Tags

Type your tag names separated by a space and hit enter

The pathophysiology of irritable bowel syndrome.
Minerva Med. 2004 Oct; 95(5):419-26.MM

Abstract

Recent studies have provided evidence to suggest a possible role for mucosal immune activation in the pathophysiology of irritable bowel syndrome (IBS). On the other hand, novel findings using functional brain-imaging techniques support the concept that altered perception of visceral stimuli plays a key role in IBS symptom generation. These seemingly contradictory findings have revived the discussion about the relative contribution of peripheral versus central mechanisms in the symptom generation of IBS. In this review, we will provide evidence for the hypothesis that, in the absence of changes in visceral perception and alterations in endogenous pain modulation systems, chronic inflammatory mucosal changes in the gut are not a plausible mechanism to explain the presence of chronic abdominal pain, a clinical hallmark of IBS.

Authors+Show Affiliations

Center of Neurovisceral Sciences and Women's Health (CNS), Division of Digestive Diseases and Brain Research Institute, Department of Medicine, Los Angeles, CA, USA.No affiliation info availableNo affiliation info available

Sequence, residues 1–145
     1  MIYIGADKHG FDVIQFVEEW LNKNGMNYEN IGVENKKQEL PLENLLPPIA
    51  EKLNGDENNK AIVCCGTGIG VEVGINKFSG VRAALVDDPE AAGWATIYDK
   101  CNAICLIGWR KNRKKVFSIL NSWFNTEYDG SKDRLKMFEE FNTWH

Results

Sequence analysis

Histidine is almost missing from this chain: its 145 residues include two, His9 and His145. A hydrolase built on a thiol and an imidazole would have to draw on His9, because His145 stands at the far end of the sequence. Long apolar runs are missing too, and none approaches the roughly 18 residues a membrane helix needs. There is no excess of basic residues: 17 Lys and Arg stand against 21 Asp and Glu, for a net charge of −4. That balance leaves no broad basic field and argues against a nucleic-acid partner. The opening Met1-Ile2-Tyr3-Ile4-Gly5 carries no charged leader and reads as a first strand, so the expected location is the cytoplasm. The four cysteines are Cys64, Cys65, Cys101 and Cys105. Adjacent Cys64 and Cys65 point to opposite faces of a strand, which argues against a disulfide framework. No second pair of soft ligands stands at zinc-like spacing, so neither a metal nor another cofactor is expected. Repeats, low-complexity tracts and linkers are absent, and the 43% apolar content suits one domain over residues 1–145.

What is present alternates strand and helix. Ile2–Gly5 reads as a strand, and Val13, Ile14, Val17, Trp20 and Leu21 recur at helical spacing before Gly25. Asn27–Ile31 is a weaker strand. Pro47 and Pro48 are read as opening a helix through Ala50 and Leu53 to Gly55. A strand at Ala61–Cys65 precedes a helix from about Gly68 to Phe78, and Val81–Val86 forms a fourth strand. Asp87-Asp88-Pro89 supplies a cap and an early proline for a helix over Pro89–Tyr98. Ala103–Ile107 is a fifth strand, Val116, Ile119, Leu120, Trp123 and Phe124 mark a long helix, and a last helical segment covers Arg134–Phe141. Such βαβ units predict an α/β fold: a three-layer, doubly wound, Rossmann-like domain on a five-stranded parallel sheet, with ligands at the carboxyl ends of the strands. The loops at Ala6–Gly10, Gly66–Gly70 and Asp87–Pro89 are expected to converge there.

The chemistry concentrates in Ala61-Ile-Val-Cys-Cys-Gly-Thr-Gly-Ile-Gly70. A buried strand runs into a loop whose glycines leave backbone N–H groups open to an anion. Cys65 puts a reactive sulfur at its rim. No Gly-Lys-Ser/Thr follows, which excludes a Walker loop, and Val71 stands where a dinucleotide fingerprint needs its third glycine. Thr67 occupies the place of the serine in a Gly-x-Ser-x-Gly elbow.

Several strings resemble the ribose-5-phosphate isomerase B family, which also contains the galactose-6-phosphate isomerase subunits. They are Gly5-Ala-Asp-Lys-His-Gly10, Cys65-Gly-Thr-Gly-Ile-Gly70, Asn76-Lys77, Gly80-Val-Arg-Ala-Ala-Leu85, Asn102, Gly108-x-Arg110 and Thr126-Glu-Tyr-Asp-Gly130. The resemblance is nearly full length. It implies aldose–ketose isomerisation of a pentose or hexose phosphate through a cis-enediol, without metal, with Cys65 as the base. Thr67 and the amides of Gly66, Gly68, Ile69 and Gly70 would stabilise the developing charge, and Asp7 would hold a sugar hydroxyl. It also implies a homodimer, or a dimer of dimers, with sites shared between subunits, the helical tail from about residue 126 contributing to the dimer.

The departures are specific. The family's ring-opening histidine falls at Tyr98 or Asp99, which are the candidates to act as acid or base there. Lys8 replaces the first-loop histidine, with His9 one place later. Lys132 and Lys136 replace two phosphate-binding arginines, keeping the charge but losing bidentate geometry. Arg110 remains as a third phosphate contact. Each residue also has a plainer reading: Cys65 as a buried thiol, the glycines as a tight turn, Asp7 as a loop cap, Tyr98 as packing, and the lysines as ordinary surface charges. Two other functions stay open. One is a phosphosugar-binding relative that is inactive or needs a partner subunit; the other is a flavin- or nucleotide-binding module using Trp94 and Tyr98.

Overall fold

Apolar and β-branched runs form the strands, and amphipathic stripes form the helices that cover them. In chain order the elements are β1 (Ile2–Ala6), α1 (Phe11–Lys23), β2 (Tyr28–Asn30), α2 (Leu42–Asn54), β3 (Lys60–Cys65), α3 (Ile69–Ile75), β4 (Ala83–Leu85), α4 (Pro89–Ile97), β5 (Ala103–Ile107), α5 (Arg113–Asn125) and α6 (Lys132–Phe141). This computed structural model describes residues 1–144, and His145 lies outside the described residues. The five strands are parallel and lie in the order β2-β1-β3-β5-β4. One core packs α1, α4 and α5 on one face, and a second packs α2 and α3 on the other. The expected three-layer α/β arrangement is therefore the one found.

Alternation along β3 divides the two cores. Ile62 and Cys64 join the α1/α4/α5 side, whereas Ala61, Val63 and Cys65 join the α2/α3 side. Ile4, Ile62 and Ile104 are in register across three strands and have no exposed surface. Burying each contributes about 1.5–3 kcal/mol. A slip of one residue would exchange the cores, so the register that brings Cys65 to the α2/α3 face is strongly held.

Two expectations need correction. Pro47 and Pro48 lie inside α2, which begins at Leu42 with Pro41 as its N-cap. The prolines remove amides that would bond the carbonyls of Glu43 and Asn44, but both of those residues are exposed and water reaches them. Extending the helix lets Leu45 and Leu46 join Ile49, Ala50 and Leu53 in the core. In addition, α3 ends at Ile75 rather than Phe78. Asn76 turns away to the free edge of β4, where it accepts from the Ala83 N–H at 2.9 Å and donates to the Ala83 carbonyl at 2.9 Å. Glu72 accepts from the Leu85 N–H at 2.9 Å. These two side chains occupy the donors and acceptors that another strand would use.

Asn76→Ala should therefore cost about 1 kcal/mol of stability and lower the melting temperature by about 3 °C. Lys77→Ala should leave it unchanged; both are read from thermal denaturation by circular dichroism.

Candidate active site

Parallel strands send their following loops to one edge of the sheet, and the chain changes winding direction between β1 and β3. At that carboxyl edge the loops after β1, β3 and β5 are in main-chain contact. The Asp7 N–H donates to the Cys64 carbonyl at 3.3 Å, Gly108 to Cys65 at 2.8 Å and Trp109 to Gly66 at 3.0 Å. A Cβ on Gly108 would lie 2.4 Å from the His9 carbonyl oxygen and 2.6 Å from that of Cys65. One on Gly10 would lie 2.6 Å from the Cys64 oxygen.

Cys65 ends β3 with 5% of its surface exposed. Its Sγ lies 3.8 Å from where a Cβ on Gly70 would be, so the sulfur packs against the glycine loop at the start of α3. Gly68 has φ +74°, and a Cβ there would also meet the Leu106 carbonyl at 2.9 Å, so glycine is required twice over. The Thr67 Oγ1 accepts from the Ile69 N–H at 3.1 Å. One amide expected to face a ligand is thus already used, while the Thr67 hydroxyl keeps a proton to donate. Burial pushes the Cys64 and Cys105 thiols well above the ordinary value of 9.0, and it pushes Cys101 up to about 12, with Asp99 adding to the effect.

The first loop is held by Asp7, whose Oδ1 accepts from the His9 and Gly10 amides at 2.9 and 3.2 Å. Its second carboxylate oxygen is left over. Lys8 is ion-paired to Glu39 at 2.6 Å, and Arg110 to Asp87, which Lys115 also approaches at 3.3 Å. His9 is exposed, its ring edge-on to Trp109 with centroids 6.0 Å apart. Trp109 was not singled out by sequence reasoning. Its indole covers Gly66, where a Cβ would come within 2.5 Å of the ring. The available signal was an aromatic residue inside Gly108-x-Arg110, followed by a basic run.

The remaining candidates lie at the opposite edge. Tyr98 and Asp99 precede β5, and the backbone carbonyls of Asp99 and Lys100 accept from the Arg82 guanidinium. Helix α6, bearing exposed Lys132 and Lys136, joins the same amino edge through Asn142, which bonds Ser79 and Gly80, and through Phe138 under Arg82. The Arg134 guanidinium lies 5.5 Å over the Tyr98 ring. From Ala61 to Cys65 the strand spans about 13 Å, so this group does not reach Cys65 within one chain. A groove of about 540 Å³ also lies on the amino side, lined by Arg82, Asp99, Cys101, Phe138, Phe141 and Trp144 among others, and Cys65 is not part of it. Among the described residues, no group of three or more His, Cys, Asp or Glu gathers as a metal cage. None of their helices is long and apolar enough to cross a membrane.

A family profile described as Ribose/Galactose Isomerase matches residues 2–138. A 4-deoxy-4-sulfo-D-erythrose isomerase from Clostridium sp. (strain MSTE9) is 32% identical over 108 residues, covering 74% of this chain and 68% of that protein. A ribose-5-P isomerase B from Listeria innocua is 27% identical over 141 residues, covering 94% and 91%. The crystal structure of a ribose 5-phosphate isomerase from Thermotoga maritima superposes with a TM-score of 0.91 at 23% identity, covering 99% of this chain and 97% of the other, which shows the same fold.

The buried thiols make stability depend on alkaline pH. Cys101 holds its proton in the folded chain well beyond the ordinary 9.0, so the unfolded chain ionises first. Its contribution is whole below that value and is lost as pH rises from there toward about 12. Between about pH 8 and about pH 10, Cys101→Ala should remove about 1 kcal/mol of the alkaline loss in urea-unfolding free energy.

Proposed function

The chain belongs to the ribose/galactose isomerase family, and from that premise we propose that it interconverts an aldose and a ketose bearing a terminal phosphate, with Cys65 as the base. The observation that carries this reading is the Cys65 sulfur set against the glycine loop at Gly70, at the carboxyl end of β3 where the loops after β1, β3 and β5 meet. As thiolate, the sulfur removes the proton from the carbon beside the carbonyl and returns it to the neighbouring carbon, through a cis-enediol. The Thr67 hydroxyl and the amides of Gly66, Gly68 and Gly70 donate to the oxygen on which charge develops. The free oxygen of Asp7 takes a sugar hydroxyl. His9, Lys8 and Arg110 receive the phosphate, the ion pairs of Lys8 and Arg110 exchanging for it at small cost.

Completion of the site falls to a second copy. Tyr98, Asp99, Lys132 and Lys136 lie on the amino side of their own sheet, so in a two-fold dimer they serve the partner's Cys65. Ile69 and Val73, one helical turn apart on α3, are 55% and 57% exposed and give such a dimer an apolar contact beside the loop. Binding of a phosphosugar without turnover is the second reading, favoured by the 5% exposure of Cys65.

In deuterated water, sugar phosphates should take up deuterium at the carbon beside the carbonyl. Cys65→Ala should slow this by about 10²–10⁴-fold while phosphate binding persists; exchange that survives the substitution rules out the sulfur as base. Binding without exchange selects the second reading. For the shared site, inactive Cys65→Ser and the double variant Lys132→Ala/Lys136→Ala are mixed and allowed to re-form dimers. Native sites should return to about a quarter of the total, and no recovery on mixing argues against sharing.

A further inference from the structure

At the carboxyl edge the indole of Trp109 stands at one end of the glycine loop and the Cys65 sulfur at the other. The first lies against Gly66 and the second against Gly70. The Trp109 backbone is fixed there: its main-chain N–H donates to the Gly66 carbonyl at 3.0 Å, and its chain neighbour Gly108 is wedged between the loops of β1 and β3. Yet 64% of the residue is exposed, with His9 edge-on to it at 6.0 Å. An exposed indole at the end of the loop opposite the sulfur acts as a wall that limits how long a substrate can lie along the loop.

Pub Type(s)

Journal Article
Review

Language

eng

PubMed ID

15467517

Citation

Schwetz, I, et al. "The Pathophysiology of Irritable Bowel Syndrome." Minerva Medica, vol. 95, no. 5, 2004, pp. 419-26.
Schwetz I, Bradesi S, Mayer EA. The pathophysiology of irritable bowel syndrome. Minerva Med. 2004;95(5):419-26.
Schwetz, I., Bradesi, S., & Mayer, E. A. (2004). The pathophysiology of irritable bowel syndrome. Minerva Medica, 95(5), 419-26.
Schwetz I, Bradesi S, Mayer EA. The Pathophysiology of Irritable Bowel Syndrome. Minerva Med. 2004;95(5):419-26. PubMed PMID: 15467517.
* Article titles in AMA citation format should be in sentence-case
TY - JOUR T1 - The pathophysiology of irritable bowel syndrome. AU - Schwetz,I, AU - Bradesi,S, AU - Mayer,E A, PY - 2004/10/7/pubmed PY - 2004/12/16/medline PY - 2004/10/7/entrez SP - 419 EP - 26 JF - Minerva medica JO - Minerva Med VL - 95 IS - 5 N2 - Recent studies have provided evidence to suggest a possible role for mucosal immune activation in the pathophysiology of irritable bowel syndrome (IBS). On the other hand, novel findings using functional brain-imaging techniques support the concept that altered perception of visceral stimuli plays a key role in IBS symptom generation. These seemingly contradictory findings have revived the discussion about the relative contribution of peripheral versus central mechanisms in the symptom generation of IBS. In this review, we will provide evidence for the hypothesis that, in the absence of changes in visceral perception and alterations in endogenous pain modulation systems, chronic inflammatory mucosal changes in the gut are not a plausible mechanism to explain the presence of chronic abdominal pain, a clinical hallmark of IBS. SN - 0026-4806 UR - https://www.unboundmedicine.com/medline/citation/15467517/The_pathophysiology_of_irritable_bowel_syndrome_ L2 - http://www.diseaseinfosearch.org/result/3876 DB - PRIME DP - Unbound Medicine ER -